It can be a challenge to make healthy food choices and stay within your food budget. Here are some tips to help you get the most from your grocery budget:

  • Take an inventory of the food you already have in your home. Plan your meals for the week, keeping in mind what you already have in your pantry.
  • Make a shopping list and stick to it.
  • Compare unit prices (cost per ounce or pound) to determmine if you are getting the best deal.
  • Buy the generic store brand versions of foods.
  • Take advantage of store loyalty savings programs, as well as clipping coupons and online discounts. Remember that stores retain your purchase habits. Make sure you are protecting your privacy and know your rights.
  • Only take advantage of the deal if you know you will eat the discounted item. It’s not a deal if the food goes to waste.
  • Shop the perimeter of the store for nutrient dense foods. Processed and packaged foods tend to be more expensive.
  • Visit your local farmer’s market to find fresh produce. Arrive early to get the best selection or late to get the best deals. Fresh food spoils quickly so don’t buy more than you can eat or freeze. Find your local farmers market.
  • Shop for foods that are in season. When the supply is plentiful, the prices tend to be lower.
  • Some stores offer discounts to customers for bringing their own bags.

For more grocery shopping tips visit eXtension.org and choosemyplate.gov.

The File Past Year Taxes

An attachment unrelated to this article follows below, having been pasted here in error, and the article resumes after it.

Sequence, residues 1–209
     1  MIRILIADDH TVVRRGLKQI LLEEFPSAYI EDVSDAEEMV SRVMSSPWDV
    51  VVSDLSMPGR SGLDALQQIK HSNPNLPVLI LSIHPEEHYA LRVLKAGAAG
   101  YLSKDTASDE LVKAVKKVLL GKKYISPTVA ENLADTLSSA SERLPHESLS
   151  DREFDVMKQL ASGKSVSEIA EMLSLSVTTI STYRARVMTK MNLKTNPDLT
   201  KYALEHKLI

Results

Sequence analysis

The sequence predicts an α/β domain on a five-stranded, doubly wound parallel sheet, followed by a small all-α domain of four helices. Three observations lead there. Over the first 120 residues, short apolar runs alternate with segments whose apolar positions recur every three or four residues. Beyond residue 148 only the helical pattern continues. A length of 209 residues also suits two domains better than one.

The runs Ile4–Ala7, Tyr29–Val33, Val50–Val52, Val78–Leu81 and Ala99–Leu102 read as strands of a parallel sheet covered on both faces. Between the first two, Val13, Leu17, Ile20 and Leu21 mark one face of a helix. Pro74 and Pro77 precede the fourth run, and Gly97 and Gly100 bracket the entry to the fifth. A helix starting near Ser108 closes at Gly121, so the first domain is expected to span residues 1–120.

File past year taxes 7. File past year taxes   Costs You Can Deduct or Capitalize Table of Contents What's New Introduction Topics - This chapter discusses: Useful Items - You may want to see: Carrying Charges Research and Experimental CostsProduct. File past year taxes Costs not included. File past year taxes Intangible Drilling Costs Exploration CostsPartnerships and S corporations. File past year taxes Development Costs Circulation Costs Business Start-Up and Organizational Costs Reforestation Costs Retired Asset Removal Costs Barrier Removal CostsOther barrier removals. File past year taxes Film and Television Production Costs What's New Film and television productions costs. File past year taxes  The election to expense film and television production costs does not apply to productions that begin after December 31, 2013. File past year taxes See Film and Television Production Costs , later. File past year taxes Introduction This chapter discusses costs you can elect to deduct or capitalize. File past year taxes You generally deduct a cost as a current business expense by subtracting it from your income in either the year you incur it or the year you pay it. File past year taxes If you capitalize a cost, you may be able to recover it over a period of years through periodic deductions for amortization, depletion, or depreciation. File past year taxes When you capitalize a cost, you add it to the basis of property to which it relates. File past year taxes A partnership, corporation, estate, or trust makes the election to deduct or capitalize the costs discussed in this chapter except for exploration costs for mineral deposits. File past year taxes Each individual partner, shareholder, or beneficiary elects whether to deduct or capitalize exploration costs. File past year taxes You may be subject to the alternative minimum tax (AMT) if you deduct research and experimental, intangible drilling, exploration, development, circulation, or business organizational costs. File past year taxes For more information on the alternative minimum tax, see the instructions for the following forms. File past year taxes Form 6251, Alternative Minimum Tax—Individuals. File past year taxes Form 4626, Alternative Minimum Tax—Corporations. File past year taxes Topics - This chapter discusses: Carrying charges Research and experimental costs Intangible drilling costs Exploration costs Development costs Circulation costs Qualified disaster expenses Business start-up and organizational costs Reforestation costs Retired asset removal costs Barrier removal costs Film and television production costs Useful Items - You may want to see: Publication 544 Sales and Other Dispositions of Assets Form (and Instructions) 3468 Investment Credit 8826 Disabled Access Credit See chapter 12 for information about getting publications and forms. File past year taxes Carrying Charges Carrying charges include the taxes and interest you pay to carry or develop real property or to carry, transport, or install personal property. File past year taxes Certain carrying charges must be capitalized under the uniform capitalization rules. File past year taxes (For information on capitalization of interest, see chapter 4 . File past year taxes ) You can elect to capitalize carrying charges not subject to the uniform capitalization rules, but only if they are otherwise deductible. File past year taxes You can elect to capitalize carrying charges separately for each project you have and for each type of carrying charge. File past year taxes For unimproved and unproductive real property, your election is good for only 1 year. File past year taxes You must decide whether to capitalize carrying charges each year the property remains unimproved and unproductive. File past year taxes For other real property, your election to capitalize carrying charges remains in effect until construction or development is completed. File past year taxes For personal property, your election is effective until the date you install or first use it, whichever is later. File past year taxes How to make the election. File past year taxes   To make the election to capitalize a carrying charge, attach a statement to your original tax return for the year the election is to be effective indicating which charges you are electing to capitalize. File past year taxes However, if you timely filed your return for the year without making the election, you can still make the election by filing an amended return within 6 months of the due date of the return (excluding extensions). File past year taxes Attach the statement to the amended return and write “Filed pursuant to section 301. File past year taxes 9100-2” on the statement. File past year taxes File the amended return at the same address you filed the original return. File past year taxes Research and Experimental Costs The costs of research and experimentation are generally capital expenses. File past year taxes However, you can elect to deduct these costs as a current business expense. File past year taxes Your election to deduct these costs is binding for the year it is made and for all later years unless you get IRS approval to make a change. File past year taxes If you meet certain requirements, you may elect to defer and amortize research and experimental costs. File past year taxes For information on electing to defer and amortize these costs, see Research and Experimental Costs in chapter 8. File past year taxes Research and experimental costs defined. File past year taxes   Research and experimental costs are reasonable costs you incur in your trade or business for activities intended to provide information that would eliminate uncertainty about the development or improvement of a product. File past year taxes Uncertainty exists if the information available to you does not establish how to develop or improve a product or the appropriate design of a product. File past year taxes Whether costs qualify as research and experimental costs depends on the nature of the activity to which the costs relate rather than on the nature of the product or improvement being developed or the level of technological advancement. File past year taxes      The costs of obtaining a patent, including attorneys' fees paid or incurred in making and perfecting a patent application, are research and experimental costs. File past year taxes However, costs paid or incurred to obtain another's patent are not research and experimental costs. File past year taxes Product. File past year taxes   The term “product” includes any of the following items. File past year taxes Formula. File past year taxes Invention. File past year taxes Patent. File past year taxes Pilot model. File past year taxes Process. File past year taxes Technique. File past year taxes Property similar to the items listed above. File past year taxes It also includes products used by you in your trade or business or held for sale, lease, or license. File past year taxes Costs not included. File past year taxes   Research and experimental costs do not include expenses for any of the following activities. File past year taxes Advertising or promotions. File past year taxes Consumer surveys. File past year taxes Efficiency surveys. File past year taxes Management studies. File past year taxes Quality control testing. File past year taxes Research in connection with literary, historical, or similar projects. File past year taxes The acquisition of another's patent, model, production, or process. File past year taxes When and how to elect. File past year taxes   You make the election to deduct research and experimental costs by deducting them on your tax return for the year in which you first pay or incur research and experimental costs. File past year taxes If you do not make the election to deduct research and experimental costs in the first year in which you pay or incur the costs, you can deduct the costs in a later year only with approval from the IRS. File past year taxes Deducting or Amortizing Research and Experimentation Costs IF you . File past year taxes . File past year taxes . File past year taxes THEN . File past year taxes . File past year taxes . File past year taxes Elect to deduct research and experimental costs as a current business expense Deduct all research and experimental costs in the first year you pay or incur the costs and all later years. File past year taxes Do not deduct research and experimental costs as a current business expense If you meet the requirements, amortize them over at least 60 months, starting with the month you first receive an economic benefit from the research. File past year taxes See Research and Experimental Costs in chapter 8. File past year taxes Research credit. File past year taxes   If you pay or incur qualified research expenses, you may be able to take the research credit. File past year taxes For more information see Form 6765, Credit for Increasing Research Activities and its instructions. File past year taxes Intangible Drilling Costs The costs of developing oil, gas, or geothermal wells are ordinarily capital expenditures. File past year taxes You can usually recover them through depreciation or depletion. File past year taxes However, you can elect to deduct intangible drilling costs (IDCs) as a current business expense. File past year taxes These are certain drilling and development costs for wells in the United States in which you hold an operating or working interest. File past year taxes You can deduct only costs for drilling or preparing a well for the production of oil, gas, or geothermal steam or hot water. File past year taxes You can elect to deduct only the costs of items with no salvage value. File past year taxes These include wages, fuel, repairs, hauling, and supplies related to drilling wells and preparing them for production. File past year taxes Your cost for any drilling or development work done by contractors under any form of contract is also an IDC. File past year taxes However, see Amounts paid to contractor that must be capitalized , later. File past year taxes You can also elect to deduct the cost of drilling exploratory bore holes to determine the location and delineation of offshore hydrocarbon deposits if the shaft is capable of conducting hydrocarbons to the surface on completion. File past year taxes It does not matter whether there is any intent to produce hydrocarbons. File past year taxes If you do not elect to deduct your IDCs as a current business expense, you can elect to deduct them over the 60-month period beginning with the month they were paid or incurred. File past year taxes Amounts paid to contractor that must be capitalized. File past year taxes   Amounts paid to a contractor must be capitalized if they are either: Amounts properly allocable to the cost of depreciable property, or Amounts paid only out of production or proceeds from production if these amounts are depletable income to the recipient. File past year taxes How to make the election. File past year taxes   You elect to deduct IDCs as a current business expense by taking the deduction on your income tax return for the first tax year you have eligible costs. File past year taxes No formal statement is required. File past year taxes If you file Schedule C (Form 1040), enter these costs under “Other expenses. File past year taxes ”   For oil and gas wells, your election is binding for the year it is made and for all later years. File past year taxes For geothermal wells, your election can be revoked by the filing of an amended return on which you do not take the deduction. File past year taxes You can file the amended return for the year up to the normal time of expiration for filing a claim for credit or refund, generally, within 3 years after the date you filed the original return or within 2 years after the date you paid the tax, whichever is later. File past year taxes Energy credit for costs of geothermal wells. File past year taxes   If you capitalize the drilling and development costs of geothermal wells that you place in service during the tax year, you may be able to claim a business energy credit. File past year taxes See the Instructions for Form 3468 for more information. File past year taxes Nonproductive well. File past year taxes   If you capitalize your IDCs, you have another option if the well is nonproductive. File past year taxes You can deduct the IDCs of the nonproductive well as an ordinary loss. File past year taxes You must indicate and clearly state your election on your tax return for the year the well is completed. File past year taxes Once made, the election for oil and gas wells is binding for all later years. File past year taxes You can revoke your election for a geothermal well by filing an amended return that does not claim the loss. File past year taxes Costs incurred outside the United States. File past year taxes   You cannot deduct as a current business expense all the IDCs paid or incurred for an oil, gas, or geothermal well located outside the United States. File past year taxes However, you can elect to include the costs in the adjusted basis of the well to figure depletion or depreciation. File past year taxes If you do not make this election, you can deduct the costs over the 10-year period beginning with the tax year in which you paid or incurred them. File past year taxes These rules do not apply to a nonproductive well. File past year taxes Exploration Costs The costs of determining the existence, location, extent, or quality of any mineral deposit are ordinarily capital expenditures if the costs lead to the development of a mine. File past year taxes You recover these costs through depletion as the mineral is removed from the ground. File past year taxes However, you can elect to deduct domestic exploration costs paid or incurred before the beginning of the development stage of the mine (except those for oil and gas wells). File past year taxes How to make the election. File past year taxes   You elect to deduct exploration costs by taking the deduction on your income tax return, or on an amended income tax return, for the first tax year for which you wish to deduct the costs paid or incurred during the tax year. File past year taxes Your return must adequately describe and identify each property or mine, and clearly state how much is being deducted for each one. File past year taxes The election applies to the tax year you make this election and all later tax years. File past year taxes Partnerships and S corporations. File past year taxes   Each partner, not the partnership, elects whether to capitalize or to deduct that partner's share of exploration costs. File past year taxes Each shareholder, not the S corporation, elects whether to capitalize or to deduct that shareholder's share of exploration costs. File past year taxes Reduced corporate deductions for exploration costs. File past year taxes   A corporation (other than an S corporation) can deduct only 70% of its domestic exploration costs. File past year taxes It must capitalize the remaining 30% of costs and amortize them over the 60-month period starting with the month the exploration costs are paid or incurred. File past year taxes A corporation may also elect to capitalize and amortize mining exploration costs over a 10-year period. File past year taxes For more information on this method of amortization, see Internal Revenue Code section 59(e). File past year taxes   The 30% the corporation capitalizes cannot be added to its basis in the property to figure cost depletion. File past year taxes However, the amount amortized is treated as additional depreciation and is subject to recapture as ordinary income on a disposition of the property. File past year taxes See Section 1250 Property under Depreciation Recapture in chapter 3 of Publication 544. File past year taxes   These rules also apply to the deduction of development costs by corporations. File past year taxes See Development Costs , later. File past year taxes Recapture of exploration expenses. File past year taxes   When your mine reaches the producing stage, you must recapture any exploration costs you elected to deduct. File past year taxes Use either of the following methods. File past year taxes Method 1—Include the deducted costs in gross income for the tax year the mine reaches the producing stage. File past year taxes Your election must be clearly indicated on the return. File past year taxes Increase your adjusted basis in the mine by the amount included in income. File past year taxes Generally, you must elect this recapture method by the due date (including extensions) of your return. File past year taxes However, if you timely filed your return for the year without making the election, you can still make the election by filing an amended return within 6 months of the due date of the return (excluding extensions). File past year taxes Make the election on your amended return and write “Filed pursuant to section 301. File past year taxes 9100-2” on the form where you are including the income. File past year taxes File the amended return at the same address you filed the original return. File past year taxes Method 2—Do not claim any depletion deduction for the tax year the mine reaches the producing stage and any later tax years until the depletion you would have deducted equals the exploration costs you deducted. File past year taxes   You also must recapture deducted exploration costs if you receive a bonus or royalty from mine property before it reaches the producing stage. File past year taxes Do not claim any depletion deduction for the tax year you receive the bonus or royalty and any later tax years until the depletion you would have deducted equals the exploration costs you deducted. File past year taxes   Generally, if you dispose of the mine before you have fully recaptured the exploration costs you deducted, recapture the balance by treating all or part of your gain as ordinary income. File past year taxes Under these circumstances, you generally treat as ordinary income all of your gain if it is less than your adjusted exploration costs with respect to the mine. File past year taxes If your gain is more than your adjusted exploration costs, treat as ordinary income only a part of your gain, up to the amount of your adjusted exploration costs. File past year taxes Foreign exploration costs. File past year taxes   If you pay or incur exploration costs for a mine or other natural deposit located outside the United States, you cannot deduct all the costs in the current year. File past year taxes You can elect to include the costs (other than for an oil, gas, or geothermal well) in the adjusted basis of the mineral property to figure cost depletion. File past year taxes (Cost depletion is discussed in chapter 9 . File past year taxes ) If you do not make this election, you must deduct the costs over the 10-year period beginning with the tax year in which you pay or incur them. File past year taxes These rules also apply to foreign development costs. File past year taxes Development Costs You can deduct costs paid or incurred during the tax year for developing a mine or any other natural deposit (other than an oil or gas well) located in the United States. File past year taxes These costs must be paid or incurred after the discovery of ores or minerals in commercially marketable quantities. File past year taxes Development costs also include depreciation on improvements used in the development of ores or minerals and costs incurred for you by a contractor. File past year taxes Development costs do not include the costs for the acquisition or improvement of depreciable property. File past year taxes Instead of deducting development costs in the year paid or incurred, you can elect to treat the cost as deferred expenses and deduct them ratably as the units of produced ores or minerals benefited by the expenses are sold. File past year taxes This election applies each tax year to expenses paid or incurred in that year. File past year taxes Once made, the election is binding for the year and cannot be revoked for any reason. File past year taxes How to make the election. File past year taxes   The election to deduct development costs ratably as the ores or minerals are sold must be made for each mine or other natural deposit by a clear indication on your return or by a statement filed with the IRS office where you file your return. File past year taxes Generally, you must make the election by the due date of the return (including extensions). File past year taxes However, if you timely filed your return for the year without making the election, you can still make the election by filing an amended return within 6 months of the due date of the return (excluding extensions). File past year taxes Clearly indicate the election on your amended return and write “Filed pursuant to section 301. File past year taxes 9100-2. File past year taxes ” File the amended return at the same address you filed the original return. File past year taxes Foreign development costs. File past year taxes   The rules discussed earlier for foreign exploration costs apply to foreign development costs. File past year taxes Reduced corporate deductions for development costs. File past year taxes   The rules discussed earlier for reduced corporate deductions for exploration costs also apply to corporate deductions for development costs. File past year taxes Circulation Costs A publisher can deduct as a current business expense the costs of establishing, maintaining, or increasing the circulation of a newspaper, magazine, or other periodical. File past year taxes For example, a publisher can deduct the cost of hiring extra employees for a limited time to get new subscriptions through telephone calls. File past year taxes Circulation costs are deductible even if they normally would be capitalized. File past year taxes This rule does not apply to the following costs that must be capitalized. File past year taxes The purchase of land or depreciable property. File past year taxes The acquisition of circulation through the purchase of any part of the business of another publisher of a newspaper, magazine, or other periodical, including the purchase of another publisher's list of subscribers. File past year taxes Other treatment of circulation costs. File past year taxes   If you do not want to deduct circulation costs as a current business expense, you can elect one of the following ways to recover these costs. File past year taxes Capitalize all circulation costs that are properly chargeable to a capital account (see chapter 1 ). File past year taxes Amortize circulation costs over the 3-year period beginning with the tax year they were paid or incurred. File past year taxes How to make the election. File past year taxes   You elect to capitalize circulation costs by attaching a statement to your return for the first tax year the election applies. File past year taxes Your election is binding for the year it is made and for all later years, unless you get IRS approval to revoke it. File past year taxes Business Start-Up and Organizational Costs Business start-up and organizational costs are generally capital expenditures. File past year taxes However, you can elect to deduct up to $5,000 of business start-up and $5,000 of organizational costs paid or incurred after October 22, 2004. File past year taxes The $5,000 deduction is reduced by the amount your total start-up or organizational costs exceed $50,000. File past year taxes Any remaining costs must be amortized. File past year taxes For information about amortizing start-up and organizational costs, see chapter 8 . File past year taxes Start-up costs include any amounts paid or incurred in connection with creating an active trade or business or investigating the creation or acquisition of an active trade or business. File past year taxes Organizational costs include the costs of creating a corporation. File past year taxes For more information on start-up and organizational costs, see chapter 8 . File past year taxes How to make the election. File past year taxes   You elect to deduct the start-up or organizational costs by claiming the deduction on your income tax return (filed by the due date including extensions) for the tax year in which the active trade or business begins. File past year taxes However, if you timely filed your return for the year without making the election, you can still make the election by filing an amended return within 6 months of the due date of the return (excluding extensions). File past year taxes Clearly indicate the election on your amended return and write “Filed pursuant to section 301. File past year taxes 9100-2. File past year taxes ” File the amended return at the same address you filed the original return. File past year taxes The election applies when computing taxable income for the current tax year and all subsequent years. File past year taxes Reforestation Costs Reforestation costs are generally capital expenditures. File past year taxes However, you can elect to deduct up to $10,000 ($5,000 if married filing separately; $0 for a trust) of qualifying reforestation costs paid or incurred after October 22, 2004, for each qualified timber property. File past year taxes The remaining costs can be amortized over an 84-month period. File past year taxes For information about amortizing reforestation costs, see chapter 8 . File past year taxes Qualifying reforestation costs are the direct costs of planting or seeding for forestation or reforestation. File past year taxes Qualified timber property is property that contains trees in significant commercial quantities. File past year taxes See chapter 8 for more information on qualifying reforestation costs and qualified timber property. File past year taxes If you elect to deduct qualified reforestation costs, create and maintain separate timber accounts for each qualified timber property and include all reforestation costs and the dates each was applied. File past year taxes Do not include this qualified timber property in any account (for example, depletion block) for which depletion is allowed. File past year taxes How to make the election. File past year taxes   You elect to deduct qualifying reforestation costs by claiming the deduction on your timely filed income tax return (including extensions) for the tax year the expenses were paid or incurred. File past year taxes If Form T (Timber), Forest Activities Schedule, is required, complete Part IV of Form T. File past year taxes If Form T is not required, attach a statement containing the following information for each qualified timber property for which an election is being made. File past year taxes The unique stand identification numbers. File past year taxes The total number of acres reforested during the tax year. File past year taxes The nature of the reforestation treatments. File past year taxes The total amounts of qualified reforestation expenditures eligible to be amortized or deducted. File past year taxes   If you timely filed your return for the year without making the election, you can still make the election by filing an amended return within 6 months of the due date of the return (excluding extensions). File past year taxes Clearly indicate the election on your amended return and write “Filed pursuant to section 301. File past year taxes 9100-2. File past year taxes ” File the amended return at the same address you filed the original return. File past year taxes The election applies when computing taxable income for the current tax year and all subsequent years. File past year taxes   For additional information on reforestation costs, see chapter 8 . File past year taxes Recapture. File past year taxes   This deduction may have to be recaptured as ordinary income under section 1245 when you sell or otherwise dispose of the property that would have received an addition to basis if you had not elected to deduct the expenditure. File past year taxes For more information on recapturing the deduction, see Depreciation Recapture in Publication 544. File past year taxes Retired Asset Removal Costs If you retire and remove a depreciable asset in connection with the installation or production of a replacement asset, you can deduct the costs of removing the retired asset. File past year taxes However, if you replace a component (part) of a depreciable asset, capitalize the removal costs if the replacement is an improvement and deduct the costs if the replacement is a repair. File past year taxes Barrier Removal Costs The cost of an improvement to a business asset is normally a capital expense. File past year taxes However, you can elect to deduct the costs of making a facility or public transportation vehicle more accessible to and usable by those who are disabled or elderly. File past year taxes You must own or lease the facility or vehicle for use in connection with your trade or business. File past year taxes A facility is all or any part of buildings, structures, equipment, roads, walks, parking lots, or similar real or personal property. File past year taxes A public transportation vehicle is a vehicle, such as a bus or railroad car, that provides transportation service to the public (including service for your customers, even if you are not in the business of providing transportation services). File past year taxes You cannot deduct any costs that you paid or incurred to completely renovate or build a facility or public transportation vehicle or to replace depreciable property in the normal course of business. File past year taxes Deduction limit. File past year taxes   The most you can deduct as a cost of removing barriers to the disabled and the elderly for any tax year is $15,000. File past year taxes However, you can add any costs over this limit to the basis of the property and depreciate these excess costs. File past year taxes Partners and partnerships. File past year taxes   The $15,000 limit applies to a partnership and also to each partner in the partnership. File past year taxes A partner can allocate the $15,000 limit in any manner among the partner's individually incurred costs and the partner's distributive share of partnership costs. File past year taxes If the partner cannot deduct the entire share of partnership costs, the partnership can add any costs not deducted to the basis of the improved property. File past year taxes   A partnership must be able to show that any amount added to basis was not deducted by the partner and that it was over a partner's $15,000 limit (as determined by the partner). File past year taxes If the partnership cannot show this, it is presumed that the partner was able to deduct the distributive share of the partnership's costs in full. File past year taxes Example. File past year taxes Emilio Azul's distributive share of ABC partnership's deductible expenses for the removal of architectural barriers was $14,000. File past year taxes Emilio had $12,000 of similar expenses in his sole proprietorship. File past year taxes He elected to deduct $7,000 of them. File past year taxes Emilio allocated the remaining $8,000 of the $15,000 limit to his share of ABC's expenses. File past year taxes Emilio can add the excess $5,000 of his own expenses to the basis of the property used in his business. File past year taxes Also, if ABC can show that Emilio could not deduct $6,000 ($14,000 – $8,000) of his share of the partnership's expenses because of how Emilio applied the limit, ABC can add $6,000 to the basis of its property. File past year taxes Qualification standards. File past year taxes   You can deduct your costs as a current expense only if the barrier removal meets the guidelines and requirements issued by the Architectural and Transportation Barriers Compliance Board under the Americans with Disabilities Act (ADA) of 1990. File past year taxes You can view the Americans with Disabilities Act at www. File past year taxes ada. File past year taxes gov/pubs/ada. File past year taxes htm. File past year taxes   The following is a list of some architectural barrier removal costs that can be deducted. File past year taxes Ground and floor surfaces. File past year taxes Walks. File past year taxes Parking lots. File past year taxes Ramps. File past year taxes Entrances. File past year taxes Doors and doorways. File past year taxes Stairs. File past year taxes Floors. File past year taxes Toilet rooms. File past year taxes Water fountains. File past year taxes Public telephones. File past year taxes Elevators. File past year taxes Controls. File past year taxes Signage. File past year taxes Alarms. File past year taxes Protruding objects. File past year taxes Symbols of accessibility. File past year taxes You can find the ADA guidelines and requirements for architectural barrier removal at www. File past year taxes usdoj. File past year taxes gov/crt/ada/reg3a. File past year taxes html. File past year taxes   The costs for removal of transportation barriers from rail facilities, buses, and rapid and light rail vehicles are deductible. File past year taxes You can find the guidelines and requirements for transportation barrier removal at www. File past year taxes fta. File past year taxes dot. File past year taxes gov. File past year taxes   Also, you can access the ADA website at www. File past year taxes ada. File past year taxes gov for additional information. File past year taxes Other barrier removals. File past year taxes   To be deductible, expenses of removing any barrier not covered by the above standards must meet all three of the following tests. File past year taxes The removed barrier must be a substantial barrier to access or use of a facility or public transportation vehicle by persons who have a disability or are elderly. File past year taxes The removed barrier must have been a barrier for at least one major group of persons who have a disability or are elderly (such as people who are blind, deaf, or wheelchair users). File past year taxes The barrier must be removed without creating any new barrier that significantly impairs access to or use of the facility or vehicle by a major group of persons who have a disability or are elderly. File past year taxes How to make the election. File past year taxes   If you elect to deduct your costs for removing barriers to the disabled or the elderly, claim the deduction on your income tax return (partnership return for partnerships) for the tax year the expenses were paid or incurred. File past year taxes Identify the deduction as a separate item. File past year taxes The election applies to all the qualifying costs you have during the year, up to the $15,000 limit. File past year taxes If you make this election, you must maintain adequate records to support your deduction. File past year taxes   For your election to be valid, you generally must file your return by its due date, including extensions. File past year taxes However, if you timely filed your return for the year without making the election, you can still make the election by filing an amended return within 6 months of the due date of the return (excluding extensions). File past year taxes Clearly indicate the election on your amended return and write “Filed pursuant to section 301. File past year taxes 9100-2. File past year taxes ” File the amended return at the same address you filed the original return. File past year taxes Your election is irrevocable after the due date, including extensions, of your return. File past year taxes Disabled access credit. File past year taxes   If you make your business accessible to persons with disabilities and your business is an eligible small business, you may be able to claim the disabled access credit. File past year taxes If you choose to claim the credit, you must reduce the amount you deduct or capitalize by the amount of the credit. File past year taxes   For more information, see Form 8826, Disabled Access Credit. File past year taxes Film and Television Production Costs Film and television production costs are generally capital expenses. File past year taxes However, you can elect to deduct costs paid or incurred for certain productions commencing before January 1, 2014. File past year taxes For more information, see section 181 of the Internal Revenue Code and the related Treasury Regulations. File past year taxes Prev  Up  Next   Home   More Online Publications